Readers’ beefs of the week

There were a lot of angry and critical attempts to post this week; this is only a small selection. But my epidermis is thick, and sloughs them off.

Reader “William” comments on “The Jesus Delusion” (about Don McLeroy and his claim of 500 witnesses to the Resurrection).

The poor scoffers will never be able to explain away the empty tomb. It must be a real headache for them 😦

What empty tomb? Archaeologists have never found one, and I’ve never fretted about it for a second.


Reader “Neil” commented on “Confused science writer claims that atheists might not exist

I’m confused why atheists would choose to bring a child into this life when they would only die in 70 or 80 years. At worse, a child could live a life of suffering with something like heart disease or depression. If there’s no purpose in life, what’s the purpose of reproducing? It seems just too cruel.

I’m confused about why religious people would choose to bring a child into this life given that it is likely to burn forever in the afterlife. As for “no purpose in life,” that’s the usual blatantly false claim that “purpose” can come only from God. We make our own purposes. In fact, as anyone knows, having children can be an immensely gratifying experience. Part of that gratification, of course, comes from evolution! All of our evolved morphology, physiology, and behavior was shaped to one end: leaving copies of our genes. That is why people strive to copulate so ardently (the orgasm is, of course, an evolved neurological device to promote reproduction, but we wily humans have short-circuited it), and why, to a large extent, they want children so badly and get such satisfaction by having them.


Reader “Jason J” commented on “Another creationist drops by to show that there’s no evidence for evolution“. In that post, I countered a reader’s creationist arguments by claiming that he (“Steve”) was “blinded by faith.” Jason’s response:

“He’s blinded by faith.”

Isn’t that the truth.

“For we live by believing and not by seeing. Yes, we are fully confident, and we would rather be away from these earthly bodies, for then we will be at home with the Lord. So whether we are here in this body or away from this body, our goal is to please him. For we must all stand before Christ to be judged. We will each receive whatever we deserve for the good or evil we have done in this earthly body.” (‭2 Corinthians‬ ‭5‬:‭7-10‬ NLT)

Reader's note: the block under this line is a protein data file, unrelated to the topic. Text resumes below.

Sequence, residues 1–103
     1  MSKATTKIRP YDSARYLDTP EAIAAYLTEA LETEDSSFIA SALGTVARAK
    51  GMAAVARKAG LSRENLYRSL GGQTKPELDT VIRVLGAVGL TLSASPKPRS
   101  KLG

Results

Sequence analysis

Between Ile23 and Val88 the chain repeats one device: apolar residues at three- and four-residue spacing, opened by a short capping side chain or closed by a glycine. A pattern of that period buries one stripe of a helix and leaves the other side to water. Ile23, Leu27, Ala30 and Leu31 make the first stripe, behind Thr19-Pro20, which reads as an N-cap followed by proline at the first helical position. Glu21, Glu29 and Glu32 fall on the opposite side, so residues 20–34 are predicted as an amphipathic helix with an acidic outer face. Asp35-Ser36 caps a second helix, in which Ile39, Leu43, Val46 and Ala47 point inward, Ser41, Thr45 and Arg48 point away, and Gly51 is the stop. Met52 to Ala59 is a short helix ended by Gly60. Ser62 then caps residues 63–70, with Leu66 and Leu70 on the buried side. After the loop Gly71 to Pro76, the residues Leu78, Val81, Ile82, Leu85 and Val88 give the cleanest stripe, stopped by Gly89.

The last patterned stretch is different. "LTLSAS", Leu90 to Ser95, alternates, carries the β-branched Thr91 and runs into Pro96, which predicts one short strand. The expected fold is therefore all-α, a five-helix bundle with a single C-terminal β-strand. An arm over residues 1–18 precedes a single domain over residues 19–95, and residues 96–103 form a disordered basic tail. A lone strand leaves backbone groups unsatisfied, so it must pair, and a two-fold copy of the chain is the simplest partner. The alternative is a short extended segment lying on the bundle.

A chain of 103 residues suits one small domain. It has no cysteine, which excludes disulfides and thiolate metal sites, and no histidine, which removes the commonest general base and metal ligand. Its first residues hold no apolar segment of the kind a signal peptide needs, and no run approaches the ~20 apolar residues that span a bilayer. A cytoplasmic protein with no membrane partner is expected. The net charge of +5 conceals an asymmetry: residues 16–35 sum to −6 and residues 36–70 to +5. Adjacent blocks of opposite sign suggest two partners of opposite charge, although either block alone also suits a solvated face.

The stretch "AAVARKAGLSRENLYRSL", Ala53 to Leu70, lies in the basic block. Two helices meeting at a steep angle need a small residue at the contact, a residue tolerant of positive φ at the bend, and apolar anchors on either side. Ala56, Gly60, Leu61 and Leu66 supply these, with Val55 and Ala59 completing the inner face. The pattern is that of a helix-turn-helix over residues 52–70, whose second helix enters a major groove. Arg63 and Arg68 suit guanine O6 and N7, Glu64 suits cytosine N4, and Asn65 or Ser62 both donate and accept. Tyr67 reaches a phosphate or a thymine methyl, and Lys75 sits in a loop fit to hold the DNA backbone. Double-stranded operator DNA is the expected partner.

I hope this message reaches someone looking for answers. Look around you. God’s people are at work each day, are we blind to how many millions of people are spreading God’s word just as he commanded? Are we blind to the millions of missionaries feeding, clothing and caring for the underprivileged? Are we blind to God’s beauty? Just look at the night sky or the way the sunset dances on the mountains. Most of all, how long will we stay blinded to his grace? He has already forgiven us, we need only repent. Isn’t that the hard part though? We’re human. We should know everything right? We should know how we came into existence, how our bodies formed with nature to provide us with a justification for our godlessness. After all, if heaven is real, then we have a lot to account for. My friends, admitting I’m wrong is the hardest thing for me to do, but it lifts a weight off my shoulders. Christ is the only way, and once you choose the path of righteousness in your heart, you will positively never be the same. If you prayed right now, “Jesus, come into my heart. Forgive me of my sins. Empty all of me and fill me back up.” what could it hurt? Jesus wants a relationship with you, if you would just for one second let go of your pride. Just stop and think of your eternity.

In Jesus’ name.

I’m not sure where Jason has admitted he’s wrong! The telling statement here is “if heaven is real. . .”.  Well, what’s his evidence for that? I’ll believe in heaven if Jason can give me some real evidence for that paradise that isn’t based on wish-thinking, revelation, or dogma. What makes him think he’s right and that Jews, who don’t believe in Heaven, are wrong?

In Ingersoll’s name.


Reader “Max” commented on “Burger King introduces a “gay pride” burger, Christians worried that believers may consume one inadvertently

SHAMESHAME on all of you QUEER basturds – You should be on your knees begging all mighty GOD for forgivness not crowing on this web site

This is all about a gay pride hamburger wrapper, for crying out loud! If haters and homophobes such as Max could just live their lives as a gay person for a week or so, perhaps they’d realize that it isn’t a “sinful choice,” but some form of internal imperative. Perhaps then they’d take a a different view. Or isn’t it pretty to think so?


Reader “Anon” commented on “David Berlinski makes an ass of himself defending intelligent design

Psalms 10:7 “His mouth is full of curses and deceit and oppression; Under his tongue is mischief and wickedness.”

Jerry, it seems like you have built a group of emotional haters and scoffers with no foundation. I Pray for You good sir 🙂


As Dan Dennett said, I’d much prefer the sacrifice of a goat (followed by a nice goat curry) than ineffectual prayer. As for “emotional haters and scoffers,” well, yes, we despise and scoff at false, delusional, and malicious beliefs (see Max above). But there’s plenty of foundation, to wit: no good evidence for God or the truth claims of Christians.